Definitions

from The American Heritage® Dictionary of the English Language, 4th Edition

  • n. The 51st Psalm.
  • n. A musical setting of this psalm.
  • n. A prayer for mercy.
  • n. An expression of lamentation or complaint.
  • n. See misericord.

from Wiktionary, Creative Commons Attribution/Share-Alike License

  • n. a prayer for mercy.
  • n. an expression of lamentation or complaint.
  • n. a medieval dagger, used for the mercy stroke to a wounded foe; misericord.
  • n. A small projecting boss or bracket on the underside of the hinged seat of a church stall, intended to give some support to a standing worshipper when the seat is turned up; a misericordia.
  • n. ileus

from the GNU version of the Collaborative International Dictionary of English

  • n. The psalm usually appointed for penitential acts, being the 50th psalm in the Latin version. It commences with the word miserere.
  • n. A musical composition adapted to the 50th psalm.
  • n. A small projecting boss or bracket, on the under side of the hinged seat of a church stall (see Stall). It was intended, the seat being turned up, to give some support to a worshiper when standing. Called also misericordia.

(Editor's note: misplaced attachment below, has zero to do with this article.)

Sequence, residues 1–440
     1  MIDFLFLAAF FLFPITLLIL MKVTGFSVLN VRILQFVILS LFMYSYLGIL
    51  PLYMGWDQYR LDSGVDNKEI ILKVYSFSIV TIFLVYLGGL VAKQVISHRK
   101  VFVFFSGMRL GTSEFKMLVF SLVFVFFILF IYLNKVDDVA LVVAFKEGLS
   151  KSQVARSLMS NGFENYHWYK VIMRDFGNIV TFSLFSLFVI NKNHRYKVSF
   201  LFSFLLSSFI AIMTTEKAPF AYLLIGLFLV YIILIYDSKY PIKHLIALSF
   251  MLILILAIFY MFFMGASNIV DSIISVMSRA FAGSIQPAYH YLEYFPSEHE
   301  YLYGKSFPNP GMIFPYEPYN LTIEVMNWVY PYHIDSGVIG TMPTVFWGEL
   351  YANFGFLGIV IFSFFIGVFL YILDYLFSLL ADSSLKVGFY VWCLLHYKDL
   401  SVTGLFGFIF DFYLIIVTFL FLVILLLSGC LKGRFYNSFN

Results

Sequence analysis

• n. Same as Ileus.

from The Century Dictionary and Cyclopedia

  • n. The 51st Psalm (50th in the Vulgate and Douay versions): so called from its first word. , ,
  • n. A hinged seat in a church stall, made to turn up, and bearing on its under side a bracket capable of affording some support to one who, in standing, leans against it.

Etymologies

Latin miserēre, have mercy, the first word of the psalm, imperative sing. of miserērī, to feel pity, from miser, wretched.
(American Heritage® Dictionary of the English Language, Fourth Edition)
From Latin miserēre ("have pity"), first word of the 51st Psalm. (Wiktionary)

Examples

Comments

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  • Ah! what a sound will rise, how wild and dreary,
    When the death-angel touches those swift keys!
    What loud lament and dismal Miserere
    Will mingle with their awful symphonies!

    - Henry Wadsworth Longfellow, 'The Arsenal At Springfield'.

    September 16, 2009

  • Merriam-Webster Dictionary:
    noun
    Etymology: Middle English, from Latin, be merciful, from misereri to be merciful, from miser wretched; from the first word of the Psalm
    Date: 13th century
    1capitalized : the 50th Psalm in the Vulgate
    2: misericord
    3: a vocal complaint or lament

    excerpt from The Arsenal at Springfield by Henry Wadsworth Longfellow
    "Ah! What a sound will rise, how wild and dreary,
    When the death-angel touches those swift keys!
    What loud lament and dismal miserere
    Will mingle with their awful symphonies!"

    February 24, 2008